Can you introduce yourself to my readers a little?
Sophia Nash’s first three novels won eight national awards including the prestigious RITA Award and a spot on the American Library Association’s “Top Ten Romances of the Year.” Sophia was born in Switzerland, raised in France and the United States, but says her heart resides in Regency England. Her ancestor, an infamous French admiral who traded epic cannon fire with the British Royal Navy, is surely turning in his grave. Before pursuing her long held dream of writing Historicals, Sophia was an award winning television producer for CBS, a congressional speechwriter, and a nonprofit CEO.
Can you introduce us to the world that you have created?
I just finished the 4 book Widows Club historical romance series (A Dangerous Beauty) set during the Regency period. I’ll have back to back books in a new historical series released in March and April 2012. The regency period is generally acknowledged to be between 1811 – 1820. The period is named after the eldest son of King George III, the “Prince Regent”, who took up the reins of power in England after his father was legally declared mad and incapable of governing the country. This fun-loving Prince of Wales loved food, fashion, and of course, entertaining despite the winds of war with France. This era has been frequently likened to our generation’s 1960s – a period of free love and war. Although, of course, in 1815 one did not engage in “free love,” there was a greater freedom in dress prior to the starched up Victorian period. During the regency, ladies still had to be properly chaperoned, and thank goodness for that, otherwise how would the dashing young gentlemen of London have kept their hands off those dainty misses with gowns cut low enough to inspire feverish poetry, and dampened petticoats to encourage a better view of feminine charms. Social standing was everything during this era. If you were lucky enough to be one of the titled “Upper Ten Thousand,” you led a charmed and usually leisurely life indeed. In ton circles, wit and good manners vied with beauty and intelligence. And everyone seemed to know exactly how many “thousands a year” each member was worth. Marriages were to be entered into with great foresight to ensure an excellent blend of fortune and title. These were the days of Jane Austen’s Pride And Prejudice.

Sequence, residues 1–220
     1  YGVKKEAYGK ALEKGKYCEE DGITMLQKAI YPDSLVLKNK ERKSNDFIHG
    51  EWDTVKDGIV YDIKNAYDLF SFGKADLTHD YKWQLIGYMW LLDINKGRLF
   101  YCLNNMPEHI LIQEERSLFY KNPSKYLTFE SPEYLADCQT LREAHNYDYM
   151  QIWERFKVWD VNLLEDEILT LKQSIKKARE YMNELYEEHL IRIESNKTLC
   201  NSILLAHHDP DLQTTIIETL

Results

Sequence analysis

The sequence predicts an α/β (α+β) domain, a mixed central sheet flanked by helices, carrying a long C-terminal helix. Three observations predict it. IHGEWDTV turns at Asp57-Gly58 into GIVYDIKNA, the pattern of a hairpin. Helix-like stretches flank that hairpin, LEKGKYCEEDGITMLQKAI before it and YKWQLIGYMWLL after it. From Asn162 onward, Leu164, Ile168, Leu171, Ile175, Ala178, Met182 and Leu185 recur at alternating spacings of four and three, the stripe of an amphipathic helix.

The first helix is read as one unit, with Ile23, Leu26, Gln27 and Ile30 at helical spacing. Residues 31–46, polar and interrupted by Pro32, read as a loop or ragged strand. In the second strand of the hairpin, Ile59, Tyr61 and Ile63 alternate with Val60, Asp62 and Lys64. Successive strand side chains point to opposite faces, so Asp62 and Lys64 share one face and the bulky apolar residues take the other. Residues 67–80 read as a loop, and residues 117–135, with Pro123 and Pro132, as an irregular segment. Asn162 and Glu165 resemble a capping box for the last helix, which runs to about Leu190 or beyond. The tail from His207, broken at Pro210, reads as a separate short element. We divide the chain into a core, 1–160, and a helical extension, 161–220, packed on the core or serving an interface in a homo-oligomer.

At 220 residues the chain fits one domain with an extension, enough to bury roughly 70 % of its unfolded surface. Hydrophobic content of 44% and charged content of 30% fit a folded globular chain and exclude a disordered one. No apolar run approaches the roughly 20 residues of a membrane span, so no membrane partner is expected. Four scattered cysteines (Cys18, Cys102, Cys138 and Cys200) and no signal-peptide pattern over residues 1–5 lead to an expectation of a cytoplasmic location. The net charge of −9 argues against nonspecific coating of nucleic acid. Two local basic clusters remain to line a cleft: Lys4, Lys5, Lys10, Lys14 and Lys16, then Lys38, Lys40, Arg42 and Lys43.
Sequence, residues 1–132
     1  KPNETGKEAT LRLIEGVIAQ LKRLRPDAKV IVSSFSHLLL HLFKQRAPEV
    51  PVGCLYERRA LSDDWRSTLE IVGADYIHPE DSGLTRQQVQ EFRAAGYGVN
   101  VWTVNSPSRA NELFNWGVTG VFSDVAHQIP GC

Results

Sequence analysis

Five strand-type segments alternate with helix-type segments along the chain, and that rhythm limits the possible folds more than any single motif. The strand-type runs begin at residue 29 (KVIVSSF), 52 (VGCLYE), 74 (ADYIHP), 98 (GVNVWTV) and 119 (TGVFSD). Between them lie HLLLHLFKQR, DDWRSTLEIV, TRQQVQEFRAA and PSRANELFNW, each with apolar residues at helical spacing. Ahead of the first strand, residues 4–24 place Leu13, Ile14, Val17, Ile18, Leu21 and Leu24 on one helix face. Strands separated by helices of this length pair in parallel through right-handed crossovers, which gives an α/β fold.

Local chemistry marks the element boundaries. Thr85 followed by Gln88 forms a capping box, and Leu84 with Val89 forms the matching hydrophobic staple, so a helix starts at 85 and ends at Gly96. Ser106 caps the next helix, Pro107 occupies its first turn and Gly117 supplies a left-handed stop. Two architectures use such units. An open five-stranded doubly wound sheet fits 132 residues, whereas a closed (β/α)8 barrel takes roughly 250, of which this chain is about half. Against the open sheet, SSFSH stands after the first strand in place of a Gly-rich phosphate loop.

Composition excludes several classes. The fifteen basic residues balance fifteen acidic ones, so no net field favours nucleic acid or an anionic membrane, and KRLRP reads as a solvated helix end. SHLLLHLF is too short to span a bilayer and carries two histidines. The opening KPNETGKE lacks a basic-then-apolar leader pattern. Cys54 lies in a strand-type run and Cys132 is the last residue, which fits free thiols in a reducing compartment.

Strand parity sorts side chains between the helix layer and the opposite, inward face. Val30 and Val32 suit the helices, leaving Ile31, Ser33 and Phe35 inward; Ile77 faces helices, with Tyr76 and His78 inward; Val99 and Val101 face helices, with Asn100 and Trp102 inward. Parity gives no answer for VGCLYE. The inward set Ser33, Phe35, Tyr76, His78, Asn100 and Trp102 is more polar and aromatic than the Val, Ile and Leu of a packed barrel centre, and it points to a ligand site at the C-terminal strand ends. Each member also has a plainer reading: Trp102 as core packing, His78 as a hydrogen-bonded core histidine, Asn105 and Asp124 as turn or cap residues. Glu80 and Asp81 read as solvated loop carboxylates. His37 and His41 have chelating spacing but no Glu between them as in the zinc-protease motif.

Will this be your first RT or are you a veteran? Any advice for those who are going for the first time?
I’ve been to about four or five RT Conferences and I adore connecting with readers there. Advice? Bring your most outlandish costume, and since it’s in LA where I gre up, don’t forget suntan lotion, your shades, and your plan to get around this sprawling, great city.
Are you speaking on any panels during RT? Are there any you are looking forward to?
You can find me on the Historical Panel and also at the booksigning.
If someone were wanting to meet up with you at RT, who should they look for?
The tall blonde chick wearing my name tag. Please don’t hesitate to come over and introduce yourself. I love chatting with readers and writers!